Lilacs were somewhat forgotten, considered boring and unsuitable for modern gardens. A lot has been bred and experimented with in recent decades, and numerous new varieties have come onto the market. These not only impress with their great scent, but also with new flower colors, double flowers, two-tone flowers and a long flowering period. These varieties will definitely fit into any garden. In order to be able to enjoy lilacs for many years, everything must be done right when planting. Read the following text to see what needs to be taken into account.


  • Olive family
  • Syringa
  • 20 to 25 species
  • Most species are native to Europe and Asia
  • Common Lilac – Ornamental shrub in many gardens
  • Deciduous shrubs or small trees
  • Most commonly Syringa vulgaris, the common lilac
  • Can grow up to 7 m high
  • Flowers mostly in May and June
  • Flower spikes up to 25 cm long
  • Numerous colors from white to pale yellow and violet-red to dark violet
  • Also double and bicolor flowers
  • Most of the flowers are fragrant, some of them very strong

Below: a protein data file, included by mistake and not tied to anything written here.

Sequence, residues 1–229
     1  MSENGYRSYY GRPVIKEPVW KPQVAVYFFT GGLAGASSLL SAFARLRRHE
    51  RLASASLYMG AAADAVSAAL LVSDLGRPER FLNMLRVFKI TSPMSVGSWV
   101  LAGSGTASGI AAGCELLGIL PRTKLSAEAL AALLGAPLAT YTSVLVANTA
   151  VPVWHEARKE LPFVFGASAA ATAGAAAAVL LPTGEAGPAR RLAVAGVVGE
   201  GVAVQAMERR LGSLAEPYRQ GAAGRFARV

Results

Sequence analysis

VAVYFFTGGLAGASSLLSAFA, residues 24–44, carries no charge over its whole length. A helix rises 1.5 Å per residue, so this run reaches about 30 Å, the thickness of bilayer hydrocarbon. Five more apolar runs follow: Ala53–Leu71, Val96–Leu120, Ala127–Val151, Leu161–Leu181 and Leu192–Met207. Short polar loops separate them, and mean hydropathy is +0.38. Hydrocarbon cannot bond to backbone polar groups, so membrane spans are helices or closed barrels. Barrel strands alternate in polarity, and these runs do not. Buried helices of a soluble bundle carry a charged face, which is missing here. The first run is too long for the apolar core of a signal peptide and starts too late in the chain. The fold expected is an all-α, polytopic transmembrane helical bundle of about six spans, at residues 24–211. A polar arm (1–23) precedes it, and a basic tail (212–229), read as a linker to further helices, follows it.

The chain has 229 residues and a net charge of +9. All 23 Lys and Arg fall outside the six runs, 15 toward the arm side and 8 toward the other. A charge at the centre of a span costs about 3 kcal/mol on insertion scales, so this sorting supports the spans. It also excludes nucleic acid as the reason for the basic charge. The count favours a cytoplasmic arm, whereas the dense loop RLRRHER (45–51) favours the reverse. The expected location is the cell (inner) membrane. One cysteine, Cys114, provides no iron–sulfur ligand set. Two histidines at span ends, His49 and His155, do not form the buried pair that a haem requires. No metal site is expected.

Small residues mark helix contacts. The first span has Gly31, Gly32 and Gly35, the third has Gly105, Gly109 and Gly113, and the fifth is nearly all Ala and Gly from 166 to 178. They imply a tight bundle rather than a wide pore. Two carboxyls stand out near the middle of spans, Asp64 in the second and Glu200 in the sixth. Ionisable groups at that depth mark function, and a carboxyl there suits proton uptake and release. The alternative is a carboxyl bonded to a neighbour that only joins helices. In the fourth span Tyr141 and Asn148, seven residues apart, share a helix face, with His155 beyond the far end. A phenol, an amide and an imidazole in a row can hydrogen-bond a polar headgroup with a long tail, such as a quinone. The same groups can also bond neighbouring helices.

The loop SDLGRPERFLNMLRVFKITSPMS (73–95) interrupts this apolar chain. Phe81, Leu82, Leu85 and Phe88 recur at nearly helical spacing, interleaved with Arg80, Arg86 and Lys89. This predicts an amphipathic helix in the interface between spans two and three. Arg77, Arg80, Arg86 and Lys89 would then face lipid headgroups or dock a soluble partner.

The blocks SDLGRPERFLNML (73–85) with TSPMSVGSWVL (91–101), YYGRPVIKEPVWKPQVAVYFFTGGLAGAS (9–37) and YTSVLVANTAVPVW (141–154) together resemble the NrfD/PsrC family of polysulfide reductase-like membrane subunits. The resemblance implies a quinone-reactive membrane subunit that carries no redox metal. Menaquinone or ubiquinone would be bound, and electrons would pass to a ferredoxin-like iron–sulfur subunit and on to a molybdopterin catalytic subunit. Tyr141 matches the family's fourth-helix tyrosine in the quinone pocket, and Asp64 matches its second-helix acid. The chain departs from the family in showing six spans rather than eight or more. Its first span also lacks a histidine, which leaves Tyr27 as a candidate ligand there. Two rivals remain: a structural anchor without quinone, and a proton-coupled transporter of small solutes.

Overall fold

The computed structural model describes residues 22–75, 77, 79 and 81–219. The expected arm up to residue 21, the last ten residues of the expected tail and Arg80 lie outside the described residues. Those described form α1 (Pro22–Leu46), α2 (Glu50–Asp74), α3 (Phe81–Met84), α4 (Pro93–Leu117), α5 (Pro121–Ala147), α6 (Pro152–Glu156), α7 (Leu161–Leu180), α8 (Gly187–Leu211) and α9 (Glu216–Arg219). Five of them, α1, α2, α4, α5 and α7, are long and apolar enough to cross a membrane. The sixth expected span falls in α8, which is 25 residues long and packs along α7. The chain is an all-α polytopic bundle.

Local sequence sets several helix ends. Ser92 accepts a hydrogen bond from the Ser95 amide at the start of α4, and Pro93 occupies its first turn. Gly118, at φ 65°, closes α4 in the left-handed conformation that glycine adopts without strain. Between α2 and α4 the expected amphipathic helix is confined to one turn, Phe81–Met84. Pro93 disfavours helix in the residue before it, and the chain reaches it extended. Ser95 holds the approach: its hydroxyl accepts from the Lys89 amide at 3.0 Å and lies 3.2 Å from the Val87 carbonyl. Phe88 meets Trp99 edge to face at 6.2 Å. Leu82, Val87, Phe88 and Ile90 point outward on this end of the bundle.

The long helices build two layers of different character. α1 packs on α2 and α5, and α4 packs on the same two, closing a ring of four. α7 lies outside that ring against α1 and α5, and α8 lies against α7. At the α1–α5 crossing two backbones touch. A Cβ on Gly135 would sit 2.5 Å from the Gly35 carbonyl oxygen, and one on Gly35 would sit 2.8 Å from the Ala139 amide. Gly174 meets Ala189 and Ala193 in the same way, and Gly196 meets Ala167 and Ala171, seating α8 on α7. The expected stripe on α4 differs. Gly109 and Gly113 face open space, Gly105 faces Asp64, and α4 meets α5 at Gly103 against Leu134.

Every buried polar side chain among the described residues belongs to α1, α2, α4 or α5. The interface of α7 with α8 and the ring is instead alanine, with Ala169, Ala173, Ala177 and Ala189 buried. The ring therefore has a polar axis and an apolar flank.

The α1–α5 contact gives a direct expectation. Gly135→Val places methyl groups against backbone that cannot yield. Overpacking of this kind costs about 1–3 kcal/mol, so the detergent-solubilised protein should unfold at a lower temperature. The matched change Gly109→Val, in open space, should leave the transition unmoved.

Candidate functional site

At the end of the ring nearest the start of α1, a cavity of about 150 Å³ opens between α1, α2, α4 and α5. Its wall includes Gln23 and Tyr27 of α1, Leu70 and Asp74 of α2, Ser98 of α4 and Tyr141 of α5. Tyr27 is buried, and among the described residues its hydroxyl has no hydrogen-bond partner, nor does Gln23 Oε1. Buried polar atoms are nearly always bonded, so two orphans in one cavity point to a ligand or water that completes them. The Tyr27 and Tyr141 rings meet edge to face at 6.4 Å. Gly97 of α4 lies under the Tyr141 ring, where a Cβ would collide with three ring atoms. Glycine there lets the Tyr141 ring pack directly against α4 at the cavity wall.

• Capsules are formed
  • Shallow-rooted, the roots are about the same size as the crown
  • Suitable as a solitary plant, in groups or as a flowering hedge
  • Buddleia is another genus of plants

Choosing the right type and variety

There are over 20 species of lilacs and over 100 cultivars. When buying, you should not only be guided by the beautiful flowers. Lilac bushes or trees can grow many meters high, which is usually too much for small gardens. Varieties that remain under 2 m final height, such as Palibin or Superba, are better. One should bear in mind that ungrafted lilacs are not as vigorous and willing to flower as grafted ones.

Particularly beautiful varieties

  • ‘Beauty of Moscow®’ – white flowers, flower buds in pink to red, great contrast and strong fragrance
  • ‘Addie Tischler’ – dusky pink flowers, well filled, currently in high demand, good fragrance
  • ‘Charles Joly’ – lilac with purple to violet double flowers, very profuse flowering, one of the most popular hybrids
  • ‘Lila Wonder®’ – two-tone lilac hybrid, soft purple petals with a white edge, something very special
  • ‘Michel Buchner’ – large, double violet flowers, white inside, one of the most beautiful historical varieties
  • ‘Sensation’ – bicolor variety, purple petals with white edge, very exclusive variety
  • ‘Primrose’ – only yellowish cultivar, creamy yellow single flowers fading to white with fading
  • ‘Nadezhda’ – purple-blue single flowers, one of the best varieties in this color, very intense fragrance
  • Fall Lilac (Syringa microphylla) ‘Superba’ – lilac-pink flowers, main bloom in May, continues to bloom into October, about 1.5m tall